[Photo by City of Boston Archives via Flickr (CC BY 2.0).]
I’ve started collecting quotes about teaching math for the chapter pages in my next Math You Can Play book. Here are a couple snippets that don’t fit the theme of “Multiplication & Fractions,” but they struck my fancy anyway:
If teachers would only encourage guessing. I remember so many of my math teachers telling me that if you guess, it shows that you don’t know. But in fact there is no way to really proceed in mathematics without guessing. You have to guess! You have to have intuitive judgment as to the way it might go. But then you must be willing to check your guess. You have to know that simply thinking it may be right doesn’t make it right.
[Photo by Nathan Russell via Flickr (CC BY 2.0).]
One of the big misapprehensions about mathematics that we perpetrate in our classrooms is that the teacher always seems to know the answer to any problem that is discussed. This gives students the idea that there is a book somewhere with all the right answers to all of the interesting questions, and that teachers know those answers. And if one could get hold of the book, one would have everything settled. That’s so unlike the true nature of mathematics.
— Leon Henkin
from “Round and Round at the Round Table”
Teaching Teachers, Teaching Students: Reflections on Mathematical Education
What Are Your Favorite Quotes?
Do you have some favorite quotes on math and teaching? I’d love to hear them! Please share in the Comments section below.
My March “Let’s Play Math” newsletter went out early this morning to everyone who signed up for Tabletop Academy Press math updates. This month’s issue focused on math history stories and puzzles, and it also included links to my newly expanded Math with Living Books pages:
- Picture Books and Early Readers
From counting books to math history, picture books offer a gentle introduction to a variety of topics. Elementary and middle school students will also enjoy many of these.
- Elementary and Middle School
Patterns, puzzles, games, and activities — here are plenty of ideas to get your children playing around with math.
- High School and Beyond
These histories, biographies, and explanations of mathematical concepts are written for an adult general audience, so most of them assume no mathematical knowledge beyond a vague memory of high school.
If you’re a subscriber but didn’t see your newsletter, check your Updates or Promotions tab (in Gmail) or your Spam folder. And to make sure you get all the future newsletters, add “Denise at Tabletop Academy Press” [Tabletop Academy Press @ gmail.com, without spaces] to your contacts or address book.
If you missed this month’s edition, no worries—there will be more playful math snacks coming soon. Click the link below to sign up today!
And remember: Newsletter subscribers are always the first to hear about new books, revisions, and sales or other promotions.
When I run a math circle or co-op class, I love starting with a picture book. This new beauty from Emily Grosvenor will be perfect.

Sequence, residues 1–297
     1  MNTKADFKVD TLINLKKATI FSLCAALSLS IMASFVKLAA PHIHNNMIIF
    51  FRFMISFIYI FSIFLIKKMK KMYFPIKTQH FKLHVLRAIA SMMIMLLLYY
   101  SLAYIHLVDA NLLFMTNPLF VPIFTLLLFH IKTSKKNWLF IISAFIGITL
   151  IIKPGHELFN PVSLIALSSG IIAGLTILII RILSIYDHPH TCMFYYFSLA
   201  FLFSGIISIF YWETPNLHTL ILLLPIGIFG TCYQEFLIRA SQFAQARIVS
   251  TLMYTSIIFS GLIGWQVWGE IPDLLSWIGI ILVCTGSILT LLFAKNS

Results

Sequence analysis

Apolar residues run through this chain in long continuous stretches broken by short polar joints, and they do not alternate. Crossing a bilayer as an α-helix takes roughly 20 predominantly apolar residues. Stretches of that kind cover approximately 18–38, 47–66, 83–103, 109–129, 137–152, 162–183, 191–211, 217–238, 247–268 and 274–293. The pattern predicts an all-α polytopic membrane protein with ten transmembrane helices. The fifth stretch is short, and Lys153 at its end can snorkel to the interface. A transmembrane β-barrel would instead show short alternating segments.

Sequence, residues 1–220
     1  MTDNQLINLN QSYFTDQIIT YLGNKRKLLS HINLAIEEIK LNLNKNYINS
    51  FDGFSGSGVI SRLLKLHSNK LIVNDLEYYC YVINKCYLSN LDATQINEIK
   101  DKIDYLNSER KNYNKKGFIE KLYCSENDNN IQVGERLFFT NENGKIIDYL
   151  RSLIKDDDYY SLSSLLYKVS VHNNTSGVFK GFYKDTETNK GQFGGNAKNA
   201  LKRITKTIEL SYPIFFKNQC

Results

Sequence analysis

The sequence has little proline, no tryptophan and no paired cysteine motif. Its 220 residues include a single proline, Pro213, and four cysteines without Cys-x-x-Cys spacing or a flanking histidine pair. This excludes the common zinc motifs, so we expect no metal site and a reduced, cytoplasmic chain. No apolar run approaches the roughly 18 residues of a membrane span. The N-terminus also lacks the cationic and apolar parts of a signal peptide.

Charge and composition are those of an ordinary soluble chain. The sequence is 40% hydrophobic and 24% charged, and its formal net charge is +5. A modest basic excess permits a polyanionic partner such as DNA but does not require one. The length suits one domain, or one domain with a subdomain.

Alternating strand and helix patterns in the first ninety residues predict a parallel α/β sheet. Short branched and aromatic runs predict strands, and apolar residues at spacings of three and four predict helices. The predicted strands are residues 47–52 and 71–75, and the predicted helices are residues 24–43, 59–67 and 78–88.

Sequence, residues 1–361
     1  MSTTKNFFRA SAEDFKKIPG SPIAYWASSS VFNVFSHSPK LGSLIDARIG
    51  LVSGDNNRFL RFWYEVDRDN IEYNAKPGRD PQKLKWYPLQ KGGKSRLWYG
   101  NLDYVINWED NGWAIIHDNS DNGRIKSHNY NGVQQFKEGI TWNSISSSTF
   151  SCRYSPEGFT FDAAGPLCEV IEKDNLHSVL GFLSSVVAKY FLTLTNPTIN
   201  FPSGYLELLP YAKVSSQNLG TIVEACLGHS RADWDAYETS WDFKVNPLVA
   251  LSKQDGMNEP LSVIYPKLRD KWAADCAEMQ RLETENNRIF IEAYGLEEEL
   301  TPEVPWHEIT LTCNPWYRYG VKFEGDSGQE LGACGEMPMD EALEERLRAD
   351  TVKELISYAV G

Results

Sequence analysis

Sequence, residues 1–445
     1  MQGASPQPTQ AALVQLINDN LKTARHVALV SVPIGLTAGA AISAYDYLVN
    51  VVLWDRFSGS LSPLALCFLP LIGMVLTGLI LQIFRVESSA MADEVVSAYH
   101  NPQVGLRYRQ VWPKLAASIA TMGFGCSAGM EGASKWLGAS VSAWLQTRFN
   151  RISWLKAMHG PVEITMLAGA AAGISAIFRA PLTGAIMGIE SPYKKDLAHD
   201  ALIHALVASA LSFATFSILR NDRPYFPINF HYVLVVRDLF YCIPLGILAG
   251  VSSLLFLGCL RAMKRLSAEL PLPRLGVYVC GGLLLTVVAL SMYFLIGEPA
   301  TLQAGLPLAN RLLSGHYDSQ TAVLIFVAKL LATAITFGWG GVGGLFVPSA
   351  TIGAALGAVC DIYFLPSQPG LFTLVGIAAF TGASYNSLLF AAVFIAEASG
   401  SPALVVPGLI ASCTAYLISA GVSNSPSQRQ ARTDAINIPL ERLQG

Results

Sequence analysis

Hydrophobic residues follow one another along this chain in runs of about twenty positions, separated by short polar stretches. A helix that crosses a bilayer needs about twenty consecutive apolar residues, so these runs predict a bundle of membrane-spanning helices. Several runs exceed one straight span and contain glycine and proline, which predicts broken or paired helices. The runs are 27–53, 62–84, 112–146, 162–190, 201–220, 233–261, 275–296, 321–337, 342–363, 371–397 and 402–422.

You could say that Tessalation is a book about tessellations (repeating tiled patterns), but it is really a children’s picture book about discovering order in a chaotic world.
— Emily Grosvenor
Seeing Math in the World
In taking a playful approach to mathematics, I hope to open children’s eyes to math in their world. Schooly math lessons have led many of my math group kids to think a “pattern” has to be a strictly repeating (and rather boring) series of shapes or colors.
But in the real world, patterns are so important that American mathematician Lynn Arthur Steen defined mathematics as the science of patterns.
“As biology is the science of life and physics the science of energy and matter, so mathematics is the science of patterns,” Steen wrote. “We live in an environment steeped in patterns — patterns of numbers and space, of science and art, of computation and imagination. Patterns permeate the learning of mathematics, beginning when children learn the rhythm of counting and continuing through times tables all the way to fractals and binomial coefficients.”
Tessa Truman-Ling’s delight in patterns is contagious. And it will provide a wonderful jumping-off point for a variety of math activities.
Visit Grosvenor’s Kickstarter page to find out more about her lovely book:
Once again, a few of my favorite bloggers have come through with math calendars for our students to puzzle over. Check them out:
Things to Do with a Math Calendar
Post the calendar on your refrigerator. Use each math puzzle as a daily review “mini-quiz” for your children (or yourself).
In the classroom:
Post today’s calculation on the board as a warm-up puzzle. Encourage your students to make up “Today is…” puzzles of their own.
As a puzzle:
Cut the calendar squares apart and trim off the dates. Then challenge your students to arrange them in ascending (or descending) order.
Make up problems to fill a new calendar for next month.
And if you do, please share!